Microdissection-based analysis of mature ovarian teratoma

Alexander Vortmeyer, Mojgan Devouassoux-Shisheboran, Guang Li, Victoria Mohr, Fattaneh Tavassoli, Zhengping Zhuang

Research output: Contribution to journalArticle

43 Citations (Scopus)

Abstract

The genotypic features of mature ovarian teratomas (MOTs) are controversial. Early studies detected a homozygous genotype in MOTs suggesting that these tumors are composed of germ cells that have undergone meiosis I. Other studies, however, revealed a heterozygous genotype in a substantial proportion of MOTs suggesting an origin either from premeiotic germ cells or from a somatic cell line. In view of the complex morphology of MOTs and to increase the sensitivity of teratoma genotyping, we applied tissue microdissection before genetic analysis of teratomatous tissue. This approach allowed selective analysis of different heterotopic tissue elements as well as the lymphoid tissues within MOTs the origin of which is unknown. After DNA extraction, the tissue samples were polymerase chain reaction amplified using a random panel of highly informative genetic markers for different chromosomes to evaluate heterozygosity versus homozygosity. In all seven cases that were analyzed, heterotopic tissues consistently revealed a homozygous genotype with several markers; in two cases, heterozygosity was detected with a single marker, indicating a meiotic recombination event. Lymphoid aggregates within MOTs were heterozygous and derived from host tissue rather than from teratomatous growth. However, well differentiated thymic tissue was consistently homozygous, suggesting lymphoid differentiation capability of MOTs. We conclude that potential pitfalls in genotyping of teratomas including meiotic recombination and host cell participation can be avoided by a microdissection-based approach in combination with a panel of genetic markers.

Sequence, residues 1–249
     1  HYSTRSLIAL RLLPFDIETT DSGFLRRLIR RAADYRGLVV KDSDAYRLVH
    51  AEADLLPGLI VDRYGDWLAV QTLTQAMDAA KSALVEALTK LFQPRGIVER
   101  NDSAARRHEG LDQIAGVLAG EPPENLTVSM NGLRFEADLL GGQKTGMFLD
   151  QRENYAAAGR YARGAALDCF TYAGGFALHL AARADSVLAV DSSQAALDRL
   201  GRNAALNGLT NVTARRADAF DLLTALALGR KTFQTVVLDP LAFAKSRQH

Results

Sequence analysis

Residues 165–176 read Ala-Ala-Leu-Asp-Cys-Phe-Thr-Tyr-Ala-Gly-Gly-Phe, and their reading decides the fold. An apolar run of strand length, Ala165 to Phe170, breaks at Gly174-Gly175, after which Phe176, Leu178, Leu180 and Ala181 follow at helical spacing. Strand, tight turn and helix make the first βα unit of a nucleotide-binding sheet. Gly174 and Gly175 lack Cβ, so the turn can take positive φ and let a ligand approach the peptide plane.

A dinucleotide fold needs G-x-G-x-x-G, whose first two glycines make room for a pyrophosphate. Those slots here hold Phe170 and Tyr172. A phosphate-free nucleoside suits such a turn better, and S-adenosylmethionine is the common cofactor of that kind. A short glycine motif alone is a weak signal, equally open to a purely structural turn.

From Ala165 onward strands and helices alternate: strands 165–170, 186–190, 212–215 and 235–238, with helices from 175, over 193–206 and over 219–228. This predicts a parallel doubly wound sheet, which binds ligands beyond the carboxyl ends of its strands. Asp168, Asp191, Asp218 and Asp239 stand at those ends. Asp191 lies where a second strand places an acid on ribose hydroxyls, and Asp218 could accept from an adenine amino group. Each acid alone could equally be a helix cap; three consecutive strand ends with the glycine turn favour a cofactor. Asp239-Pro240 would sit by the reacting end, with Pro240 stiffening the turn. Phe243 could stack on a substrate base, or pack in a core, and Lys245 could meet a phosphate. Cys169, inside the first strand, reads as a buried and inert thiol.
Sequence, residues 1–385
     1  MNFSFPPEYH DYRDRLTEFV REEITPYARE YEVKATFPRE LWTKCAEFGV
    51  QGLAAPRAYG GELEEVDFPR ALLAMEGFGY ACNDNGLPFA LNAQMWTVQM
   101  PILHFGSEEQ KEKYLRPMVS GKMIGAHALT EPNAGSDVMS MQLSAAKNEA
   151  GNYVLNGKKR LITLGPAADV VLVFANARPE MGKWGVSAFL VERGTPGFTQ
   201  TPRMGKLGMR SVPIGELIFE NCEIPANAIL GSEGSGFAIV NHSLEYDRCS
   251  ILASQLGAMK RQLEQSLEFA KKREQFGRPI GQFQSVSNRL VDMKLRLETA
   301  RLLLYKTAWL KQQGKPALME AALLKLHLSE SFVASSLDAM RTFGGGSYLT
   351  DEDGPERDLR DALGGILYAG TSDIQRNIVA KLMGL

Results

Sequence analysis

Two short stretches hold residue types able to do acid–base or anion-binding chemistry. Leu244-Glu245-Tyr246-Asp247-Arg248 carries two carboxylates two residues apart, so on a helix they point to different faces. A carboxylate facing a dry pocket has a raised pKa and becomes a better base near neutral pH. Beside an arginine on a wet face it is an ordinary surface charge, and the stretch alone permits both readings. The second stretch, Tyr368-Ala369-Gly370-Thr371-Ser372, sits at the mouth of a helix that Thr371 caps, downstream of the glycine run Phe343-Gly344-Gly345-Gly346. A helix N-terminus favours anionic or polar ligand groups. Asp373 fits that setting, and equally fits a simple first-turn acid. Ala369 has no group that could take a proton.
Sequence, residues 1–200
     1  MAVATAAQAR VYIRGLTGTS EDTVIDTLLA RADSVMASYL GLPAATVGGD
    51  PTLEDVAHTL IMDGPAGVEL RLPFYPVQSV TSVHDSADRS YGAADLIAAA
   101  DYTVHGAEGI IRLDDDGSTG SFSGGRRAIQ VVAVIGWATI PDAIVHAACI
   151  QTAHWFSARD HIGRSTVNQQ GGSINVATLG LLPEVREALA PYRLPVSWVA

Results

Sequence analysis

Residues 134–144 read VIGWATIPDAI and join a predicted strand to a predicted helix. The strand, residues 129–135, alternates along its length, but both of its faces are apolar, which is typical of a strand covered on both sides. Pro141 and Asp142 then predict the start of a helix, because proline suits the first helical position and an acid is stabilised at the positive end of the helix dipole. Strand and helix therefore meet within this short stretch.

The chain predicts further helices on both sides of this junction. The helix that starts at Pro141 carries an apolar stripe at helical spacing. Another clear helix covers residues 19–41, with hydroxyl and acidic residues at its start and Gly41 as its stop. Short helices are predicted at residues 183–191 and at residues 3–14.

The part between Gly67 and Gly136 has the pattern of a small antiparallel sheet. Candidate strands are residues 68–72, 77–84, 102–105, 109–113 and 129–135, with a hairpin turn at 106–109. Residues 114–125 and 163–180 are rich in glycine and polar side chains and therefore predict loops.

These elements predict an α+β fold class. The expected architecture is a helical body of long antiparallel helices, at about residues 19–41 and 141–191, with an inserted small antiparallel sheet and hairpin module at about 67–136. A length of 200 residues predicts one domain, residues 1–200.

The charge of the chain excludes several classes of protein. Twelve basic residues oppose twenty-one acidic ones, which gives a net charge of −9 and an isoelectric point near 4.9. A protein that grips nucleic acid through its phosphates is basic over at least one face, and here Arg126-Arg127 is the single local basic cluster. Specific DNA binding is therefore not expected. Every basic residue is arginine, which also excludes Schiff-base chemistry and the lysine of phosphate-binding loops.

Original languageEnglish (US)
Pages (from-to)987-991
Number of pages5
JournalAmerican Journal of Pathology
Volume154
Issue number4
StatePublished - Jan 1 1999
Externally publishedYes

Fingerprint

Microdissection
Teratoma
Choristoma
Genotype
Genetic Markers
Genetic Recombination
Ovarian Teratoma
Germ Cell and Embryonal Neoplasms
Meiosis
Lymphoid Tissue
Germ Cells
Chromosomes
Cell Line
Polymerase Chain Reaction

ASJC Scopus subject areas

  • Pathology and Forensic Medicine

Cite this